Streeter Lecka/Getty Images
By Sarah Kwak
February 19, 2014

SOCHI — The Finnish win over Team Russia wasn’t really an upset, unless you’re talking about the inconsolable Olympic mascot who was hanging his oversized head in disappointment after the Russians lost Wednesday's quarterfinal game at Bolshoy Ice Dome. What came within about seven minutes of transpiring just a few hours later, when the Latvians stayed even with Team Canada at 1-1 deep into the third period, now that would’ve been an upset. But an ill-timed slashing minor by Latvian defenseman Georgijs Pujacs finally gave the Canadians the sliver of opportunity they needed. Defenseman Shea Weber broke the tie on the subsequent power play with a booming slap shot from the point that eluded goalie Kristers Gudlevskis, a starter for the Syracuse Crunch, the Tampa Bay Lightning's AHL affiliate. The 21-year-old goalie couldn’t really be blamed, though. It was the 54th of the 57 shots he faced on the night that beat him and his team.

“Facing some of the best players in the world, I thought he did a fantastic job tonight,” Latvia’s coach Ted Nolan said. Overworked in the crease, Gudlevskis was sopping by game’s end, but despite the loss, Tampa Bay's fifth-round draft pick in 2013 deserves much credit for playing the game of his life—in front of his GM Steve Yzerman, no less—and giving Latvia an outside shot at its own Miracle on Ice.

But the Canadian team was just too strong. The Latvians couldn’t win if they couldn’t even touch the puck. Canada threw their 57 shots on goal while Latvia managed only 16. It was just a matter of time before the decisive one would go in. When it did and the collective Canadian consciousness exhaled deeply, it set up a seriously juicy USA-Canada men's semifinal on Friday, a day after the two countries' women's teams battle for gold.

But before we get there, here are three takeaways from Canada’s narrow victory:

O Crosby, where art thou? The Canadian captain still hasn’t made a peep in these Olympics. And that development has predictably raised the question of his linemates and the chemistry he lacks with any of them. Against Latvia, Canada's coach, Mike Babcock, started Patrice Bergeron and Chris Kunitz with Crosby. But there is certain to be more juggling in the future. With John Tavares out for the rest of the Olympics—the center left the game in the second period with a leg injury, Babcock said—Bergeron will likely move into the open fourth line center role, once again giving Crosby a new winger to test out. But the audition process will have to be quick. They’ll need to find some combination that works to keep up with a U.S. offense that has been firing on all cylinders in Sochi.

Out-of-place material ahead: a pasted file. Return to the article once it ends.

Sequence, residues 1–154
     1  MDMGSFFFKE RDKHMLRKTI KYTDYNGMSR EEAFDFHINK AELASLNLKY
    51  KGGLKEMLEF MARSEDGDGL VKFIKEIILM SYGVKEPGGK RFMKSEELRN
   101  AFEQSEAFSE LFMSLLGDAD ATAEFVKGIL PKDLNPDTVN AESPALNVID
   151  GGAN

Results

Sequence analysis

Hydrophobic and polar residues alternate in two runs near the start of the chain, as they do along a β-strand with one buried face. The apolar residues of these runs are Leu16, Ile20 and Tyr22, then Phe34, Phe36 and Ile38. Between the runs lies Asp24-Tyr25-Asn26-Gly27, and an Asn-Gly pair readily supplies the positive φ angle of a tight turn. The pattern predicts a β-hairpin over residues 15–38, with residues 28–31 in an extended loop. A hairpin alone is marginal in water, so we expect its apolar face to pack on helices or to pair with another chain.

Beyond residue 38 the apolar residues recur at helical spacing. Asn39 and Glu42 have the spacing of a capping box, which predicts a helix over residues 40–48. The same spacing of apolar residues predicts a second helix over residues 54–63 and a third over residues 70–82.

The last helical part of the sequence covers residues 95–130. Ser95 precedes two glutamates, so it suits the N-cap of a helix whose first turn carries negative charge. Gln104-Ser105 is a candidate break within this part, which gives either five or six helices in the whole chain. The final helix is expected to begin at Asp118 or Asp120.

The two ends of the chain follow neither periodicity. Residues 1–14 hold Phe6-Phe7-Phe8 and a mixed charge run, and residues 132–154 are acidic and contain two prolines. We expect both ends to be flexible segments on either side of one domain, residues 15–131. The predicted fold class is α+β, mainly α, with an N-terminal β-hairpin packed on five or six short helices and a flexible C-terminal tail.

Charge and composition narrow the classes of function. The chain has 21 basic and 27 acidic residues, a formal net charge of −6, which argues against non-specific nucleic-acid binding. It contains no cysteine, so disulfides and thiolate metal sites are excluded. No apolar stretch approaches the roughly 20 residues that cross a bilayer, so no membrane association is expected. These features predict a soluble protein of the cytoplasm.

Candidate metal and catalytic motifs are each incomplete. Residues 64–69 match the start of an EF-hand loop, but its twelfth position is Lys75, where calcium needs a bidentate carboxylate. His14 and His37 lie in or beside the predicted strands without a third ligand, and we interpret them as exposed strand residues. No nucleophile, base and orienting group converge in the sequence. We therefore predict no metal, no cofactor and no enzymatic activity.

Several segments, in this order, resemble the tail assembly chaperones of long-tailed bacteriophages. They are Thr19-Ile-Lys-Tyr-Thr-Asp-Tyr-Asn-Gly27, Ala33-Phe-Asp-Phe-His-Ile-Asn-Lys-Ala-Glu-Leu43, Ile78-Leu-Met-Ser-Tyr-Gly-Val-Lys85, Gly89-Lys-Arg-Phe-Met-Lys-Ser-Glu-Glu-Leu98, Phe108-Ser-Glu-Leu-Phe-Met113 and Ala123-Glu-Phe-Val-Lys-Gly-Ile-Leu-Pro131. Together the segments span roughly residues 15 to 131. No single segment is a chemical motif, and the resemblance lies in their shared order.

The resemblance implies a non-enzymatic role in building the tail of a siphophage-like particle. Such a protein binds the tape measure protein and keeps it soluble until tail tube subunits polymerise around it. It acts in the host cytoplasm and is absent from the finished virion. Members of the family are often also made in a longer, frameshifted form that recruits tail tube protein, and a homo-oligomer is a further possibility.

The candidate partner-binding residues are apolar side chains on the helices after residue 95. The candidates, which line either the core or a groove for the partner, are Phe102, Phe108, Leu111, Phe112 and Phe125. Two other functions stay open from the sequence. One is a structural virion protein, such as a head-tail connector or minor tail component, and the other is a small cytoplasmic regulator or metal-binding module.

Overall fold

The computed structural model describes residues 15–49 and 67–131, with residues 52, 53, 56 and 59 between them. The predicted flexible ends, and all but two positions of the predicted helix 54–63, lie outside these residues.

MUIR: Canada's offense takes hit with Tavares out for rest of Games

Latvia, long known for its excellent fans, finally had something to cheer about in Sochi. The Baltic nation of 2 million people has some 1,200 registered hockey players. Nolan said there are more rinks in his hometown of Sault Ste. Marie, Ont., than there are in all of Latvia. But none of that mattered in this game or in this tournament. Making the quarterfinals for the first time ever, Latvia showed how far well structured and opportunistic play can take a team. When they weren’t laying themselves out in front of Shea Weber shots and forcing the puck to the outside, Latvia’s players were looking for shots. Their best came late in the first period, while they were down 1-0 to the Canadians, when Arturs Kulda sprung Lauris Darzins at the far blue line for a breakaway. The winger faked a slap shot, then made a nice backhanded move top shelf on Canada’s goalie Carey Price for the equalizer.

No goals, no problem? But seriously, there will definitely be a problem for Team Canada if it cannot fix its stagnant attack. Through four games, defensemen Drew Doughty and Weber have more goals (7) than all of Canada's forwards combined (6). After the game, Babcock examined his game summary with the eye of an IRS auditor. He’s looking for something that might help jumpstart this offense. He can remember that it took four games in Vancouver before the full potential of his scorers started to show. So he will work patiently. But he and Team Canada don’t have a lot of time. On Friday, they’ll face what has been the hottest team in Sochi, in a rematch of the gold medal game four years ago. “That team seems to score easy,” he said. “And we’re not scoring ... [Thursday’s practice] is a big day for us.”

ROSENBERG: Russia's loss proves the gold is won on ice, not paper


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